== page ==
An emergency room patient with underlying health conditions in Canada received a one-of-a-kind diagnosis in early June.
Dr. Kyle Merritt diagnosed a woman in her seventies suffering from dehydration, asthma and diabetes with climate change, NBC News reported Friday. The woman lived in a trailer in Nelson, British Colombia, with no air conditioning and faced unbearable summer heat, as Canada experienced temperatures above 100 degrees in 2021.
At the time the woman was hospitalized, the country was dealing with overcrowded hospitals, as smoke from wildfires in both Canada and the United States hit Canadians. The historic temperatures broke several records and killed around 600 people in British Colombia, NBC News reported.
“I think that we’ve learned that climate change is essentially required in order for it to get that hot where we live,” Merritt said, according to NBC News. “Without the heat, she would not have been admitted to hospital. So I thought it was accurate.”
Merritt’s unique diagnosis was mentioned in a statement released by the physician-activist organization “Doctors for Planetary Health,” as they planned a protest in Victoria, British Colombia, and another in Merritt’s hometown of Nelson, the outlet reported.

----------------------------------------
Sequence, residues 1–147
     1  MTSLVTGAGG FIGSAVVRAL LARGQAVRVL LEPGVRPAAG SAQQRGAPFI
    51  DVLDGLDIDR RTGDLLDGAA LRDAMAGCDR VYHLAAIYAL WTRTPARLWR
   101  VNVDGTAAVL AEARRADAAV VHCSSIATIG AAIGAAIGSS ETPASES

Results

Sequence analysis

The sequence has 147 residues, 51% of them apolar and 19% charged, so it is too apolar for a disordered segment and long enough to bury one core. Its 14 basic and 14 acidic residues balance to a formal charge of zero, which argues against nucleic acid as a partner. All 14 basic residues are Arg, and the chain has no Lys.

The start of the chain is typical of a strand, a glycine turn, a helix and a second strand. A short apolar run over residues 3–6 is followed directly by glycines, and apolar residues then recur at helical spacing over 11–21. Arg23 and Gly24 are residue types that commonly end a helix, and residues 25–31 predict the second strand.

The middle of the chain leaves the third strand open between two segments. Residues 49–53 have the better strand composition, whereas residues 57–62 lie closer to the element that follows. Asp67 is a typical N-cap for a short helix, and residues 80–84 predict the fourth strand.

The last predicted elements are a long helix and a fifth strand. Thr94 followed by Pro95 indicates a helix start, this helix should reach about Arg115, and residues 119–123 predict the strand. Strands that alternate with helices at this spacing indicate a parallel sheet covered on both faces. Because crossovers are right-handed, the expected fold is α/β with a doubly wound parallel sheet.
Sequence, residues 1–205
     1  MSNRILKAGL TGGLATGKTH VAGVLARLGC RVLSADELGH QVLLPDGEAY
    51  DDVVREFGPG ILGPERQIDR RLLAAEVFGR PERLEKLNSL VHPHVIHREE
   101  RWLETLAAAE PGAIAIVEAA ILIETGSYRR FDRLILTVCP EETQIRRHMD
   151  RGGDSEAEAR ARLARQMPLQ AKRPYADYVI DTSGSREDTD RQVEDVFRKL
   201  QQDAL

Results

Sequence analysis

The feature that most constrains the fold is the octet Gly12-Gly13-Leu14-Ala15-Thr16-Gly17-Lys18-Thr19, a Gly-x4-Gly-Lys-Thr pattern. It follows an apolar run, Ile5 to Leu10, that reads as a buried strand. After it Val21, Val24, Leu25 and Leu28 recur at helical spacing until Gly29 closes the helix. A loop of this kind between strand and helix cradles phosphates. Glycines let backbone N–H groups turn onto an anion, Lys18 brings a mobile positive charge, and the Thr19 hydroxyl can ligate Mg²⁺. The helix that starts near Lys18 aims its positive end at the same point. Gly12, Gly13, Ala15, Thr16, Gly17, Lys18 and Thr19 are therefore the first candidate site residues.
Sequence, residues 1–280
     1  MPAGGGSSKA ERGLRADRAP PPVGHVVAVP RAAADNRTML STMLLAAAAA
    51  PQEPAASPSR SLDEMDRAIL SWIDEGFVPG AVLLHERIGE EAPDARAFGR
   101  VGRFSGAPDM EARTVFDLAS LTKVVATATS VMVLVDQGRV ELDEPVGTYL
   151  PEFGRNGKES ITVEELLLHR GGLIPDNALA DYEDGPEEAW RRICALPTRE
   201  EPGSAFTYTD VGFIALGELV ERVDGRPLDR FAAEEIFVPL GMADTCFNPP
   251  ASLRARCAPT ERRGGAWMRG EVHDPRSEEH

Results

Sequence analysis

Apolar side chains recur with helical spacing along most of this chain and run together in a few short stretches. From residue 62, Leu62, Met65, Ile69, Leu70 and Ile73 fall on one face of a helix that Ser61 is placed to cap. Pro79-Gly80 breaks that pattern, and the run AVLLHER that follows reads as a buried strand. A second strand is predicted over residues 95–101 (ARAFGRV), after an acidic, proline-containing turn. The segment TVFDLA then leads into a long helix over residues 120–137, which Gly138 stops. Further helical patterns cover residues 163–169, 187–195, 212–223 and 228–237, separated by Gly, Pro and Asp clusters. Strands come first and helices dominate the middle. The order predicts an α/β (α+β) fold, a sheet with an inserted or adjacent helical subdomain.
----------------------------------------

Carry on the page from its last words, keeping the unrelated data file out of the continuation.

“It’s a provocative action, but certainly the science is there to substantiate it,” said Dr. Jay Lemery, an emergency medicine physician. Lemery, the co-founder of the University of Colorado School of Medicine’s climate health program, said he is committed to bringing “climate and health data to the bedside.”
Merritt’s received mostly positive feedback after his diagnosis but also said he received some negative phone calls and emails for treating climate change “as a real thing,” according to NBC News. The patient was successfully treated.